Damage can be caused when a cable is: 
cut through by a sharp object such as the point of a tool 
crushed by a heavy object or powerful machine. 
Previously damaged cables might not have been reported or repaired and these can be a real danger. There are regulations about the steps you must take to use electricity safely at work. 
Health and Safety Executive (HSE) guidance highlights how to manage the risks of digging near underground cables and the Electricity Networks Association (ENA) has published ‘Watch Out! Cables About’ with advice about the risks of underground electric cables. 

What you need to do 

Underground electrical cables aren’t always easy to see and many can look like pipes, so a visual inspection isn’t enough. Here are the steps you should take: 
Planning – although cables will normally belong to a Distribution Network Operator (DNO) some could belong to organisations such as the highways authority or Network Rail, for example. Your risk assessment should include how to work safely taking in to account local conditions. 
Before you start groundwork look for equipment nearby that might require electricity, find out who it belongs to, check whether there are underground cables and ask for plans of their location. You might need to ask the owners to visit the site to show you where the cables are. 
Suitable equipment should be used to detect any underground cables and you might need to make them ‘dead’ before you start work. Electricity companies must give their customers five days' notice if their supply is going to be disconnected. 
Cable plans – before you start work you will need to collect plans and details of all buried services in the area. If it’s an emergency you will need to work as if they are live. 
Utility companies might not all use the same symbols on electricity cable plans so it is important to check their meaning. High-voltage cables might be shown on separate plans from low-voltage cables. 
Cable locating devices – to be safe you should assume that plans only give an indication of location, so a competent person should trace cables using suitable equipment which should be used regularly while the work is taking place. Underground cables should be identified and clearly marked before any work begins. 
Safe digging – work should follow safe digging practices once cable positions and routes have been identified with trial holes and final cable exposure should be dug using suitable insulated hand tools as necessary.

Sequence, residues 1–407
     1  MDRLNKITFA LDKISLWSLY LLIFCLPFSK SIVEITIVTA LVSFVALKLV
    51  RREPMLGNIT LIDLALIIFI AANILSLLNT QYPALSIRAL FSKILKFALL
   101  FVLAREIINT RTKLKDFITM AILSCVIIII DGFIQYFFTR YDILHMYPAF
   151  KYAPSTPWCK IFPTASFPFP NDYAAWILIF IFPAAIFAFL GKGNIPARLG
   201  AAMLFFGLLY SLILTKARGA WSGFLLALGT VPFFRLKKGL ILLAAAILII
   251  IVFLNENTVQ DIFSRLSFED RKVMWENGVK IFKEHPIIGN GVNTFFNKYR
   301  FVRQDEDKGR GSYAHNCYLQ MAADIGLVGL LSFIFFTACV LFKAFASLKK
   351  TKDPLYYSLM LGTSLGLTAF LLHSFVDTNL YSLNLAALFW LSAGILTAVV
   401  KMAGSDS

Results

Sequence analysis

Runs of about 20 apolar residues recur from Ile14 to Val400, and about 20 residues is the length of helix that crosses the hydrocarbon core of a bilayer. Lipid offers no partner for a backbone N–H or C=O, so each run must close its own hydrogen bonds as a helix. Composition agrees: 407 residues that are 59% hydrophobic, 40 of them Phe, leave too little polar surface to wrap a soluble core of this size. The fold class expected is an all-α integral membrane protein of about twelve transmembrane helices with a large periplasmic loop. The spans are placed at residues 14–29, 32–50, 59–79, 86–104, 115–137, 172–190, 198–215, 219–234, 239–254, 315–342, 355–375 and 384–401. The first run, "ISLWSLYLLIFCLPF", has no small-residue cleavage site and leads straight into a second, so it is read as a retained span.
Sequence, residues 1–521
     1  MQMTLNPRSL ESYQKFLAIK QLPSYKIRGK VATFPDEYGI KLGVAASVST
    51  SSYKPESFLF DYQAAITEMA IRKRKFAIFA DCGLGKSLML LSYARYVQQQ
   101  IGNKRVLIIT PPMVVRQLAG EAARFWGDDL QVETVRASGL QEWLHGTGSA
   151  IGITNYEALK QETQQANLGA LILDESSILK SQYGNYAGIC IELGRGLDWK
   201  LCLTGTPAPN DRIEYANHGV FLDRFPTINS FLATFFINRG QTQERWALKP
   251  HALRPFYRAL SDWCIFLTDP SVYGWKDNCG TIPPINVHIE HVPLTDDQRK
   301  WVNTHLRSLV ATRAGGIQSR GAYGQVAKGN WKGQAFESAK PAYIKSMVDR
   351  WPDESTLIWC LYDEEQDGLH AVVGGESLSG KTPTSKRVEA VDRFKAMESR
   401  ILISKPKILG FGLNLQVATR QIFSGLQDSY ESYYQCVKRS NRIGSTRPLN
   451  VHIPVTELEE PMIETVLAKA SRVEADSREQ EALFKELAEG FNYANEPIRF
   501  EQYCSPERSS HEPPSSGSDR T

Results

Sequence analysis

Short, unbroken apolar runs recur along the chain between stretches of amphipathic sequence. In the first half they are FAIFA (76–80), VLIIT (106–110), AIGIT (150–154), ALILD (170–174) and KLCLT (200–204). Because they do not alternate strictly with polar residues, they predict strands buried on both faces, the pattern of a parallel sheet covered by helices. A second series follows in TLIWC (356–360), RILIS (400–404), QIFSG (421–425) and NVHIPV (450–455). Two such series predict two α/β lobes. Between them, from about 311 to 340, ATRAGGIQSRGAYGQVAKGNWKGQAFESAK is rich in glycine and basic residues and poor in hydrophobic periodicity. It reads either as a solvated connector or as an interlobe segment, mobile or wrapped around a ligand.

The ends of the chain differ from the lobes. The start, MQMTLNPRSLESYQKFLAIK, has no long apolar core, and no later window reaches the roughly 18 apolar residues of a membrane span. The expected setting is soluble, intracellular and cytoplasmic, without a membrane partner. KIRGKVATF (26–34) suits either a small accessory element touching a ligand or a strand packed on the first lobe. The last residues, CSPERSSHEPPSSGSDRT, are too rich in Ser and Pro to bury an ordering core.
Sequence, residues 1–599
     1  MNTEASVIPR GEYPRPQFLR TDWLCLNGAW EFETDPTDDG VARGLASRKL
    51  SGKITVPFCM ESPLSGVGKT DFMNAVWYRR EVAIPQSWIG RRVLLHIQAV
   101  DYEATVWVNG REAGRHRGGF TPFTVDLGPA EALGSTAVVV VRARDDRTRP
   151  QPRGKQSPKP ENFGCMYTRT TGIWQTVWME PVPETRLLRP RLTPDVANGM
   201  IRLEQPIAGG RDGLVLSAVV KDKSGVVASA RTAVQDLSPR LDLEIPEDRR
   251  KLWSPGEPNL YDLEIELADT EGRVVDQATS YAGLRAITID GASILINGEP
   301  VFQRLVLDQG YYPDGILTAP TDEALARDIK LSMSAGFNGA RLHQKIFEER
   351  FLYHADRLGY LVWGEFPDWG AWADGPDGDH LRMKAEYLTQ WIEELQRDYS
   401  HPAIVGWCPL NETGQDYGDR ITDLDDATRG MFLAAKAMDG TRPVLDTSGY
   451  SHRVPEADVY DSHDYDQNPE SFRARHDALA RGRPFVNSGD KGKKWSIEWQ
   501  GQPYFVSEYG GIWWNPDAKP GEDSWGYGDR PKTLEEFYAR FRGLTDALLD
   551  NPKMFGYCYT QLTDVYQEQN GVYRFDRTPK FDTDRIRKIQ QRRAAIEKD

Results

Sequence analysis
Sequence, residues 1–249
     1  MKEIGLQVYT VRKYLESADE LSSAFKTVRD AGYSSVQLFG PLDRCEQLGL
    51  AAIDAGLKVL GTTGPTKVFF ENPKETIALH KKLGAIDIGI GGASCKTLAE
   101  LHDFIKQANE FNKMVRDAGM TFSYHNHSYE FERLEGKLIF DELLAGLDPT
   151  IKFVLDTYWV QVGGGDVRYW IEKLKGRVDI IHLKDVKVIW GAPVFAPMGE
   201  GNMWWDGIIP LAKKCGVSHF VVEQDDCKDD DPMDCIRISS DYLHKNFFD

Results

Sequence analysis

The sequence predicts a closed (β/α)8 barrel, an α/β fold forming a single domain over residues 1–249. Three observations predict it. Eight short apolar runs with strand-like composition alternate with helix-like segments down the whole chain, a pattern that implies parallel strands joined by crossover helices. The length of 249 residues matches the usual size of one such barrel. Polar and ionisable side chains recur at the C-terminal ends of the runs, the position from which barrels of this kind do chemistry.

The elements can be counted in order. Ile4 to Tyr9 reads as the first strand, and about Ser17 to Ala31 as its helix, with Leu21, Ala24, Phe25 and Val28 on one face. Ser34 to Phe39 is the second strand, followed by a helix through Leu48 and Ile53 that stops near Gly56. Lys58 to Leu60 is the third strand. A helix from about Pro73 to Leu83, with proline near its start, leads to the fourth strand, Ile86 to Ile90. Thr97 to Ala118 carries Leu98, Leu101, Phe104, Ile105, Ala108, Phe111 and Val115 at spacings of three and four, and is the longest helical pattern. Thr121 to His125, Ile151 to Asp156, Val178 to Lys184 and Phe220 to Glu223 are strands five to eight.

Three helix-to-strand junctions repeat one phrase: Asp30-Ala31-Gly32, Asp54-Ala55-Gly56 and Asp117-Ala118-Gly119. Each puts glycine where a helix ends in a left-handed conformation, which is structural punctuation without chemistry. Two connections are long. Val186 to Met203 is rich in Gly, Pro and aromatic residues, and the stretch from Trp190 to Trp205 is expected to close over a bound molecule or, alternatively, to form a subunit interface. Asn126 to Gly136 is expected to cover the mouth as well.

Please get in touch if you need advice or assistance about electrical safety when you are carrying out groundworks. 

Electrical troubleshooting – no need to be out of your depth 

Having a re4leialbe irrigation system in hot weather is essential so make electrical maintenance a priority
One emergency call recently was due to an irrigation system failure at Overstone Park Golf Course
In the recent hot weather that could have been a pretty serious problem. 
Thanks to our troubleshooting skills the issue was diagnosed and repaired with new parts in a couple of hours, so there was a tank full of water ready to use the next day. 

Troubleshooting – how it works 

As an electrician finding solutions to sudden and unexpected problems is a rewarding part of the job, but it isn’t always easy. 
Sometimes all our customers can tell us is that a unit is overheating, making an unusual noise, or has stopped working completely. The rest is down to us. 
It all starts with a process of troubleshooting to identify the exact electrical problem so that we can fix it. Here’s what we do. 
Gathering information – the first step is to find any technical documentation that’s available so we can understand how things are supposed to work. It’s always worth checking whether anything similar has happened before and to see maintenance records if they’re available. 
We can also research similar equipment to find any common problems and their causes which is especially helpful when we don’t have much technical data. 
This might lead us to carry out some tests which could narrow down the source of the problem, if not the actual cause. 
Understand the problem – it’s important to narrow down the possibilities one step at a time. Once we know which process has failed we can find out more about how it should operate, what could prevent it from working properly, and the possible causes. 
The MSE team van at a local golf club troubleshooting problems with their irrigation system.
There's plenty that can wrong with an irrigation system control unit
Diagnosis – once we know where to look, we can start checking individual components. We can look at input control signals and what should happen. We can check to see if things are performing within their expected limits. Of course, often it isn’t as simple as a single faulty component so we will also check for dependencies in the system.